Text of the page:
Of course there are those who hunker down beneath their beach umbrella with a good book, but this isn’t a book and not too many people are dumb enough to take a laptop to the beach – sand!

I suppose there are those who may tap into the my site on their Smartphone, but still; it’s a holiday and you’re at the beach. You should be soaking up the rays, flailing around in the cool water and checking out all the hot chicks [or guys, depending upon your preference].

So in this,  my column tackling the issue of bullying, I’ve decided to tell you about my personal bully; someone who will forever live in the dark, ugly recesses of my memory. His name was Gary Pike – and he harassed me for the better part of a year.

I was a tall, lanky, if not skinny kid at the Central School in Mansfield; a fourth grader who wanted nothing more than to go to school, put in my time and go home to play with my friends. That doesn’t seem like a lot to ask, but Gary Pike had other plans for me.

Nearly every day as I left school and headed down Central Street on my way home, Gary Pike would come up behind me. “Hey big ears,” he’d yell. I always tried to make believe I didn’t hear him. I wanted no part of him. He was three times my size and had the disposition of a rabid honey badger.

Granted, I had big ears back then [I grew into them some years later]. They stuck out like two open doors on a taxi. But come on! Can’t a kid just walk down the street in peace? For me, the answer to that question was a definitive ‘No’ as long as Gary was within ear shot [pardon the pun].

My defense against this lummox was simple. I wasn’t a fighter. And even if I were, Gary would have pummeled me into sawdust. He was huge – and mean! So when he’d come up behind me, I’d turn around and stare him in the eye as he attempted to humiliate me. “Where ya goin,” big ears?” He’d taunt relentlessly. “Goin’ home to mommy, big ears?”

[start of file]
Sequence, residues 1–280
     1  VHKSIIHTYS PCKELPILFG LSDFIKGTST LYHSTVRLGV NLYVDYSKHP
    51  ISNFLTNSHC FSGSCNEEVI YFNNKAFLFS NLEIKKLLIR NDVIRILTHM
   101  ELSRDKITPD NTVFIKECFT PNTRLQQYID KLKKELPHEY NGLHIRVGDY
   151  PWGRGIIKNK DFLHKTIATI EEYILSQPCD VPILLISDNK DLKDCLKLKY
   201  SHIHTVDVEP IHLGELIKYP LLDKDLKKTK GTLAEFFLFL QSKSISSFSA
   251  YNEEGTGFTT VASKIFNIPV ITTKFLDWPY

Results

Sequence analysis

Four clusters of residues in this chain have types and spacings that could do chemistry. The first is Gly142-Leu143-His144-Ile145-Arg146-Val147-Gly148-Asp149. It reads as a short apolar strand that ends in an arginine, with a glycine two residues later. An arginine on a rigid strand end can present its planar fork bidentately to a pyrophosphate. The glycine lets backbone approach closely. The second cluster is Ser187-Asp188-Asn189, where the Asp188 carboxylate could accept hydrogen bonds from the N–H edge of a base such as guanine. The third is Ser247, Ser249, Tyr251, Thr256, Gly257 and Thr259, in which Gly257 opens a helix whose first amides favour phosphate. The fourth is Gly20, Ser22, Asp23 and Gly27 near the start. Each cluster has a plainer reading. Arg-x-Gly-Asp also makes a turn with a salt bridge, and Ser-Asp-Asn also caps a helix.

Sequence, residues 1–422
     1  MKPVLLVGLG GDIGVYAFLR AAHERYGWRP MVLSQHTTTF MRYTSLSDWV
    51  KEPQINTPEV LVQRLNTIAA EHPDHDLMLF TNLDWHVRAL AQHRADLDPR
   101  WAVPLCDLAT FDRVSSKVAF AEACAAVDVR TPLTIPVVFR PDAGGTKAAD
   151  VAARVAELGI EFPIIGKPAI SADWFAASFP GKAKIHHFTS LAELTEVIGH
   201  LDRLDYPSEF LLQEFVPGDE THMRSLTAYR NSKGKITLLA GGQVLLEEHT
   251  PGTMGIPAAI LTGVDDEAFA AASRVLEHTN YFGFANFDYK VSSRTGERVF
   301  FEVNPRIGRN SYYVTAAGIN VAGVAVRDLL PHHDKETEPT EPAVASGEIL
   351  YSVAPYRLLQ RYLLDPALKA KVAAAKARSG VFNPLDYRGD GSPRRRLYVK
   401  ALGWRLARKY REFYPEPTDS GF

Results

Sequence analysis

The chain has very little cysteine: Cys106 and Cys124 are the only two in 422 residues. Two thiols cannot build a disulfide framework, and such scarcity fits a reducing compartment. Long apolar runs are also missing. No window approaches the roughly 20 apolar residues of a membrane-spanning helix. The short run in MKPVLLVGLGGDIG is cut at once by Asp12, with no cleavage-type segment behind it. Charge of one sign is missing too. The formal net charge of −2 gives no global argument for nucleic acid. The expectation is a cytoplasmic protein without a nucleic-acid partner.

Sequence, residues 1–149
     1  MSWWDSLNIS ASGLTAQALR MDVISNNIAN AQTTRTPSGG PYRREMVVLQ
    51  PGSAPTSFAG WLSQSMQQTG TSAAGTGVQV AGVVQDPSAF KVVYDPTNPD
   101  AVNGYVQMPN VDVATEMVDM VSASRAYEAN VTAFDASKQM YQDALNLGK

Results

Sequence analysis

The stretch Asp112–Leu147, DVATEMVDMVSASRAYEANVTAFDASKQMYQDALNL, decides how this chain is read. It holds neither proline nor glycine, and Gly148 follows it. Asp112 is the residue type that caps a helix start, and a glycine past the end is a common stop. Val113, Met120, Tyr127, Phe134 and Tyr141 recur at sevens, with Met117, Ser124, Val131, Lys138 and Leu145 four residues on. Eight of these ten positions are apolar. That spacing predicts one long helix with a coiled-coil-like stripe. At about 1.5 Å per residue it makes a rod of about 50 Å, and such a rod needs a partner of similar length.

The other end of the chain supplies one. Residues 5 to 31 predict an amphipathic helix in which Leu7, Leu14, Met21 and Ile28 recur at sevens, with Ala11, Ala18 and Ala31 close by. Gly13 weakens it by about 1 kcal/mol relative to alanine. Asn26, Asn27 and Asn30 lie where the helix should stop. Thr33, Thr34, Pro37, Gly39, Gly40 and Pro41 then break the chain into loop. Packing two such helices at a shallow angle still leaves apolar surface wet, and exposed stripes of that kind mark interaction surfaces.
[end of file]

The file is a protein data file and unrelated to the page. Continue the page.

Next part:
Then there would usually be a long barrage of, “Big ears! Big ears! Big ears! Big ears!” Gary was large, but he wasn’t overly creative. I guess Big ears was the best his rather feeble brain could come up with. I’m guessing he may have pursued a career in politics.

When Gary decided he’d had enough fun with me for the day, I’d turn and head toward home, none the worse for wear. Gary didn’t bother me. He was just a nuisance – someone I had to deal with as part of growing up.

As much as I despised him, I think I actually felt pity for Gary. Now that I look back on it, I think he was probably suffering on the inside, As the English actor, Tom Hiddelston said, “When people don’t like themselves very much, they have to make up for it. The classic bully was actually a victim first.”

Now please don’t get me wrong. I would have loved nothing more than to have pounded the living crap out of ole’ Gary. Kind of like what Ralphie did to his long-time nemesis in A Christmas Story. You can be sure that every kid who’s ever been bullied stood and cheered after that scene. Way to go, Ralphie! You’re our hero!

As for Gary, I never saw him again after the school year ended. I guess his family moved away. I went on through grade school and into high school virtually unscathed by my year-long exploits with Gary.

I put on a lot of weight [and muscle] and, as I mentioned earlier; I grew into my ears. I was still the same kid I was in the fourth grade – just a little older and, hopefully, a little wiser – and still not a fighter. It just wasn’t my style. I left the fighting to the football field, where I let out my aggression as an offensive and defensive tackle for the Mansfield Green Hornets.

Every so often, even until this day; I think about Gary. He’s a tough guy to forget. I often wonder what ever became of him. My first thought is that he ended up in prison, or maybe that’s just what the fourth-grader in me wants to believe.

As mean and nasty as he was, Gary would have made a great defensive lineman for his high school football team; assuming he made it that far. Or perhaps he became the Chuck Parson of John Green’s Young Adult novel, Paper Towns.

“Chuck Parson did not participate in organized sports, because to do so would distract from his larger goal of his life: to one day be convicted of murder”

Bob Havey is an author and freelance writer. Bob’s book,  BE NOT DISMAYED: A STORY OF SPIRITUAL TRIUMPH; the story of his daughter, Erin’s 22-month long battle with leukemia,  is available on Amazon.com. For a personalized copy, contact Bob at rhh@bobhavey.net. Visit Bob’s website at http://www.bobhavey.net.

Adversity Creates Opportunity